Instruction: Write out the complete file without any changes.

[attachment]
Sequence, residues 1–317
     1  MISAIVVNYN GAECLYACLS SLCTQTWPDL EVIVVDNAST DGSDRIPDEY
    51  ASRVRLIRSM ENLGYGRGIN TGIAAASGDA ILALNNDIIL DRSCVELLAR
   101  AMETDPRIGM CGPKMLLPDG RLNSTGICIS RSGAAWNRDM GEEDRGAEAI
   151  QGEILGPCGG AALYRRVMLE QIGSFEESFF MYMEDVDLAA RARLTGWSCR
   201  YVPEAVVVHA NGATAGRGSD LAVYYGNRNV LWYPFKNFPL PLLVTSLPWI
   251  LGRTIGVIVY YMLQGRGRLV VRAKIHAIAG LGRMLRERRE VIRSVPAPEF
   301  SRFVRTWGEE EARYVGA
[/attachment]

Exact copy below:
Sequence, residues 1–317
     1  MISAIVVNYN GAECLYACLS SLCTQTWPDL EVIVVDNAST DGSDRIPDEY
    51  ASRVRLIRSM ENLGYGRGIN TGIAAASGDA ILALNNDIIL DRSCVELLAR
   101  AMETDPRIGM CGPKMLLPDG RLNSTGICIS RSGAAWNRDM GEEDRGAEAI
   151  QGEILGPCGG AALYRRVMLE QIGSFEESFF MYMEDVDLAA RARLTGWSCR
   201  YVPEAVVVHA NGATAGRGSD LAVYYGNRNV LWYPFKNFPL PLLVTSLPWI
   251  LGRTIGVIVY YMLQGRGRLV VRAKIHAIAG LGRMLRERRE VIRSVPAPEF
   301  SRFVRTWGEE EARYVGA